Energy companies' green tariffs have been criticised for not living up to their environmental claims.
A report by the National Consumer Council says that the firms are failing to provide enough information for users to make a proper choice.
It also says the different types of green tariffs on offer vary greatly in their environmental benefits, with some delivering poor value for money.
Households are responsible for just under a third of the UK's emissions of carbon dioxide (CO2), believed to be the most important gas contributing to global warming.
Heating and powering the average home causes the release of about six tonnes of CO2 a year, enough to fill 34 double-decker buses.
Nationally, just 5% of electricity is generated from renewable sources such as wind turbines or hydro-electric facilities.
Well over 70% is produced by burning CO2 emitting fossil fuels, mostly coal and gas.
Over 70% of the UK's power is produced from fossil fuels
To counter this, many power companies offer green tariffs.
However, their aims and means vary, with some investing in green energy projects, while others promise to supply only electricity generated from renewables.
A third type buys 'carbon offsets' to attempt to 'neutralise' CO2 emissions.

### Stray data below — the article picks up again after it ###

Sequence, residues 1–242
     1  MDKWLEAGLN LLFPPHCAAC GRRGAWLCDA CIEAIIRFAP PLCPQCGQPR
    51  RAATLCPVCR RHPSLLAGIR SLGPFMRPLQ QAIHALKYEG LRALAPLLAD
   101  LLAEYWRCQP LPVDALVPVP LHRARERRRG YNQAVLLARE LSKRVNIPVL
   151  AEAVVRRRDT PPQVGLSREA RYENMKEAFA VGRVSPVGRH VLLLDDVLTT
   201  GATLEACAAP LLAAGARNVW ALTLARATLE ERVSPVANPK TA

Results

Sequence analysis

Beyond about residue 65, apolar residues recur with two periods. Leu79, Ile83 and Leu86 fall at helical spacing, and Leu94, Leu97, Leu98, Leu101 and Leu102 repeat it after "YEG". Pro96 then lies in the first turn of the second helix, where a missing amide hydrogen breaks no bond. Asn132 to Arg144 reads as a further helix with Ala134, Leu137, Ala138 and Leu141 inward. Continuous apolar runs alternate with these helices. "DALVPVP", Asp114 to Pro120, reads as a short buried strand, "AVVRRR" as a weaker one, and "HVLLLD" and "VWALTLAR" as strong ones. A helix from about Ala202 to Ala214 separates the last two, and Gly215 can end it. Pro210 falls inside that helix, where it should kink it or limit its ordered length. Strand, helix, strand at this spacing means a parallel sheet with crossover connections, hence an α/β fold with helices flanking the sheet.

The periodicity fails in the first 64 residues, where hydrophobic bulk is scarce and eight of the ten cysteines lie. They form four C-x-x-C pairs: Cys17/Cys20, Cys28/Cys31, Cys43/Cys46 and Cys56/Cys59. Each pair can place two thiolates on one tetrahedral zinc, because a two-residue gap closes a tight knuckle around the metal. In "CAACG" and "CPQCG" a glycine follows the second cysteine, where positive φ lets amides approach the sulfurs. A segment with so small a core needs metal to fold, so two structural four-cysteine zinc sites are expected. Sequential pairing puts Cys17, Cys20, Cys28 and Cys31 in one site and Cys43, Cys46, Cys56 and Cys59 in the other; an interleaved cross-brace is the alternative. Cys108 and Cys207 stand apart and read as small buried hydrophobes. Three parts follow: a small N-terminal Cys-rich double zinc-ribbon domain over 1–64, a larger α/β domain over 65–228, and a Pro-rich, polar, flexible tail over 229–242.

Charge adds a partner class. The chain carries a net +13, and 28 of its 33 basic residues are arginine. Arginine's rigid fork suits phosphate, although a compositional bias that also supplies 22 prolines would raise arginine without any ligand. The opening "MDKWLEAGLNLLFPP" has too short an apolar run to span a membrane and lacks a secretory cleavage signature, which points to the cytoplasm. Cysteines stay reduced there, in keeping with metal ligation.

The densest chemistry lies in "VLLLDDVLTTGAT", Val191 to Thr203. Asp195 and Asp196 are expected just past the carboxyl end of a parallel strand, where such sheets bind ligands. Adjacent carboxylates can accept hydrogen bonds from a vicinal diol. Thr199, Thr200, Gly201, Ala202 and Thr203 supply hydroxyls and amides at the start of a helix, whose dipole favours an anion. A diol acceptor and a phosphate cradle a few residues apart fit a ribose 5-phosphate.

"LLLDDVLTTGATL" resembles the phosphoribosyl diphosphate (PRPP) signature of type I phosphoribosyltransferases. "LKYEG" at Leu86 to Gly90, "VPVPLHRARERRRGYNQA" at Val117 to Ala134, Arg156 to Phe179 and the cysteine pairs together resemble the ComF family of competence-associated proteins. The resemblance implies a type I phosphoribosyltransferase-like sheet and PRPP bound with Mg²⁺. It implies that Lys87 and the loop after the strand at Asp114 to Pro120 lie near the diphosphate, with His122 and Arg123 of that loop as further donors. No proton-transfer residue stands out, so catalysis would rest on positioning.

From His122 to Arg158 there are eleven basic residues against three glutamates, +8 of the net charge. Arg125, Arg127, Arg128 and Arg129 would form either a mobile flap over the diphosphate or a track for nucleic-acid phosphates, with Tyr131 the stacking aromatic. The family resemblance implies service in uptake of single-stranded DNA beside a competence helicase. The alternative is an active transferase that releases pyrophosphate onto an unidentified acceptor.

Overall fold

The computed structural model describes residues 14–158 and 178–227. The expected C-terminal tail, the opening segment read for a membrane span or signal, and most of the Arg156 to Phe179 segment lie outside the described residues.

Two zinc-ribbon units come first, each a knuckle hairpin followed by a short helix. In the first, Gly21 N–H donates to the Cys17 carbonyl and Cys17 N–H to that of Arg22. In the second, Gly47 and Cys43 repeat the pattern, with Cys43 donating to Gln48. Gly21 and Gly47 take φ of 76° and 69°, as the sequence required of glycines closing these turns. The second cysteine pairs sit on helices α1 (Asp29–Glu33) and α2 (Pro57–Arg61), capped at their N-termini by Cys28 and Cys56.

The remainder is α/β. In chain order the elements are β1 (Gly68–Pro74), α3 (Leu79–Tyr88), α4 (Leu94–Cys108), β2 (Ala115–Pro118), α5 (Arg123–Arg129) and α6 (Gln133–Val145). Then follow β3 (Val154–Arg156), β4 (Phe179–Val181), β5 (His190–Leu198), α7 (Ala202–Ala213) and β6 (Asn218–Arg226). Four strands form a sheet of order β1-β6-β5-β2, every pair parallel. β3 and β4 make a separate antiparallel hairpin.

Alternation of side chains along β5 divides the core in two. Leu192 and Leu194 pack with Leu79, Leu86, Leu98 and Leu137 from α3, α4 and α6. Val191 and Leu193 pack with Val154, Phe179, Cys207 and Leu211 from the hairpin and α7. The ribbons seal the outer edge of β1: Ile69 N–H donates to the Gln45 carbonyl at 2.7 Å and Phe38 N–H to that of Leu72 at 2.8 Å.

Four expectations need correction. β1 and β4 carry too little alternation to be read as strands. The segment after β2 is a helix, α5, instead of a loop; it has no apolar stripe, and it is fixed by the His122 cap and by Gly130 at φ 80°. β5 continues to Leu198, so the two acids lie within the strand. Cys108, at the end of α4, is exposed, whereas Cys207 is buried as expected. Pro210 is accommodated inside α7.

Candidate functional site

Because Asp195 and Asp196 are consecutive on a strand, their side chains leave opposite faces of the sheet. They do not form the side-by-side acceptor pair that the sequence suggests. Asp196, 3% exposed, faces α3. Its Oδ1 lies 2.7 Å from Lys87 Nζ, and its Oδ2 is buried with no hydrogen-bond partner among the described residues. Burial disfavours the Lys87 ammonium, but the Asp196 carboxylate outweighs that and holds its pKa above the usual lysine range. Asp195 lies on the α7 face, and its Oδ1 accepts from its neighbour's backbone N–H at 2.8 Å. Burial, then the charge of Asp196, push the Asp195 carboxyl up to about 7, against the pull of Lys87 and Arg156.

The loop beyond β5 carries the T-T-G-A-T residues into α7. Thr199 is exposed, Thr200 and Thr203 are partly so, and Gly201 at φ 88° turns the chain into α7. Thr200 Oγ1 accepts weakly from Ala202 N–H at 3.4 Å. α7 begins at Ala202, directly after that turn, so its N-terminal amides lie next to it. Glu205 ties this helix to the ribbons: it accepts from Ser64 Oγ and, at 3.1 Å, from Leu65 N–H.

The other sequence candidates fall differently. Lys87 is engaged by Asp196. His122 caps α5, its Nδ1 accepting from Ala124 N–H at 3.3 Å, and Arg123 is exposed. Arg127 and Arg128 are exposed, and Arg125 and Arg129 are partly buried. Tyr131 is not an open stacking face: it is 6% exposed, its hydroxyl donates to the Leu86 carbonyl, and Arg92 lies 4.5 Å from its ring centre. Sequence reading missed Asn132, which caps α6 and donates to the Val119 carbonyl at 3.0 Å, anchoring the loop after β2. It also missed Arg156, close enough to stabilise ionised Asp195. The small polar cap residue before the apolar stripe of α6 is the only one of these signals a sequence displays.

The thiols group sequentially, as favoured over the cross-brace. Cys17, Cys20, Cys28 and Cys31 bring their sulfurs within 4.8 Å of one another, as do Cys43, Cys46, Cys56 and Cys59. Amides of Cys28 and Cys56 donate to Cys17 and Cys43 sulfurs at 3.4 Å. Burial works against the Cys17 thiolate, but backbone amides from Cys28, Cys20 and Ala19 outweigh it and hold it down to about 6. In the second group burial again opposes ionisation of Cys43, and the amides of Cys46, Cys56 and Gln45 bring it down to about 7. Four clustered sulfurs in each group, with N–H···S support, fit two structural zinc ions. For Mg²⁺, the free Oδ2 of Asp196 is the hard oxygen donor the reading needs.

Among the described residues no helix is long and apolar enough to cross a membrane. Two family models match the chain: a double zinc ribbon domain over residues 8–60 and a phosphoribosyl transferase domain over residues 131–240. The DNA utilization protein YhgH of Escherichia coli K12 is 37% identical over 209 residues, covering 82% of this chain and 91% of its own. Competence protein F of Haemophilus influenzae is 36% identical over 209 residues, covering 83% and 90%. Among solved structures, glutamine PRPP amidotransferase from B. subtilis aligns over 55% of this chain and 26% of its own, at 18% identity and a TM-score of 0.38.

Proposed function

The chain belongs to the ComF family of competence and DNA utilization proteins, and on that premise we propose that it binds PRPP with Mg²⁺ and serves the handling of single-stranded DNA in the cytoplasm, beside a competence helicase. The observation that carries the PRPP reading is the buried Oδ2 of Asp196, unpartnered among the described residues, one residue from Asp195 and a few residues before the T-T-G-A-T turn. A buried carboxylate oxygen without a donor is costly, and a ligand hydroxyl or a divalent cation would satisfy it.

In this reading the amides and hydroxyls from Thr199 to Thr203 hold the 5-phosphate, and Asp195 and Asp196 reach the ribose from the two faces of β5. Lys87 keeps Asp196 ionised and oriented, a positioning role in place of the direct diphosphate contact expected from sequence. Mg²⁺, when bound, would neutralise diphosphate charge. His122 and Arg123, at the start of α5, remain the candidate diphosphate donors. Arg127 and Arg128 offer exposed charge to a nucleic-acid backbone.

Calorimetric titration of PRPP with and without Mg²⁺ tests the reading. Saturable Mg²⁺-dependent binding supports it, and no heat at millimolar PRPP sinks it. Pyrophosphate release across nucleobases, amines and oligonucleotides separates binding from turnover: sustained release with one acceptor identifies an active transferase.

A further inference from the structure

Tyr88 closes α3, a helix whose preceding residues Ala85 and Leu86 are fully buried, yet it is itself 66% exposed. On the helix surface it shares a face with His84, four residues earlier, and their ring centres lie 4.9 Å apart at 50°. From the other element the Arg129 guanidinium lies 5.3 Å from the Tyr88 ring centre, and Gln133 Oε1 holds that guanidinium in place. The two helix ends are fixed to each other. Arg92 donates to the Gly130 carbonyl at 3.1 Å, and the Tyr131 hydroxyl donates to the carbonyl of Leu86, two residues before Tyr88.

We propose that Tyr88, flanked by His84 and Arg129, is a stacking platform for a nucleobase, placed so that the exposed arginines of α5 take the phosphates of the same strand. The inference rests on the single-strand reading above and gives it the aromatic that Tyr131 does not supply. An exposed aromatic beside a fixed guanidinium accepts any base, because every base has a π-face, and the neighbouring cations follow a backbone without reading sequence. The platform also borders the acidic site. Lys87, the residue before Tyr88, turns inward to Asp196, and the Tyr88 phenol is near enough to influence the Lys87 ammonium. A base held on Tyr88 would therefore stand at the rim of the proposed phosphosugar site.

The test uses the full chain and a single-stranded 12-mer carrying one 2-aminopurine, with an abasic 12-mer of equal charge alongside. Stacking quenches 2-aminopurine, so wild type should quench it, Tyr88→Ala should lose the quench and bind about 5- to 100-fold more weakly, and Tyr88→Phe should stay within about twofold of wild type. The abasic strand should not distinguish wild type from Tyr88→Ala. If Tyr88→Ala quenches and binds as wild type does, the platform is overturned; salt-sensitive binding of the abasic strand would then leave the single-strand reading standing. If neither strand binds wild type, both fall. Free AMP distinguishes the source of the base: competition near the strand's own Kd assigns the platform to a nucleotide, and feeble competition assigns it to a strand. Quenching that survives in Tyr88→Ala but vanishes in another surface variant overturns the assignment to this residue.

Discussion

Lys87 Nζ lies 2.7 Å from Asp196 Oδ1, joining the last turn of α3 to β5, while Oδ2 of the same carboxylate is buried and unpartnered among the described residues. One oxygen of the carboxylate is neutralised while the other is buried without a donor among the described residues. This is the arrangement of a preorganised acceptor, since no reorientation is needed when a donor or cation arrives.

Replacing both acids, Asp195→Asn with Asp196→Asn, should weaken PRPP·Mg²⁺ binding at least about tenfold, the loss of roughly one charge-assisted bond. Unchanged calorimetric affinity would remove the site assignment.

Lord Whitty, chairman of the National Consumer Council says more needs to be done to clarify how much difference the tariffs actually make.
"The Information provided is not clear and not a basis on which consumers can make an informed choice," he told Working Lunch.
The consumer watchdog wants the industry to introduce a code of practice to govern standards of information for consumers.
In the survey, British Gas Green Electricity and Ecotricity were named as the two deals which delivered the least environmental benefits.
However a British Gas spokeswoman said:
"We are the only company to buy enough green electricity to cover our renewable programme."
Good Energy's Green Supply tariff was awarded the highest overall score.
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